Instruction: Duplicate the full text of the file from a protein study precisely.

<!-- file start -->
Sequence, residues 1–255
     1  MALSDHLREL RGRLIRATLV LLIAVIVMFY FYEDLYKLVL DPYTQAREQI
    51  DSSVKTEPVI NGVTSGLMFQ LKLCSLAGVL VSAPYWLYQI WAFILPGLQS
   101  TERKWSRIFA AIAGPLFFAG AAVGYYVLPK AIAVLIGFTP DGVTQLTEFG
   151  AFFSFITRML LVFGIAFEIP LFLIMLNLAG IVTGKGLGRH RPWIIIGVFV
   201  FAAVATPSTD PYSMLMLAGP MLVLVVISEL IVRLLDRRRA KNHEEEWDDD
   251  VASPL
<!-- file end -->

Sequence, residues 1–255
     1  MALSDHLREL RGRLIRATLV LLIAVIVMFY FYEDLYKLVL DPYTQAREQI
    51  DSSVKTEPVI NGVTSGLMFQ LKLCSLAGVL VSAPYWLYQI WAFILPGLQS
   101  TERKWSRIFA AIAGPLFFAG AAVGYYVLPK AIAVLIGFTP DGVTQLTEFG
   151  AFFSFITRML LVFGIAFEIP LFLIMLNLAG IVTGKGLGRH RPWIIIGVFV
   201  FAAVATPSTD PYSMLMLAGP MLVLVVISEL IVRLLDRRRA KNHEEEWDDD
   251  VASPL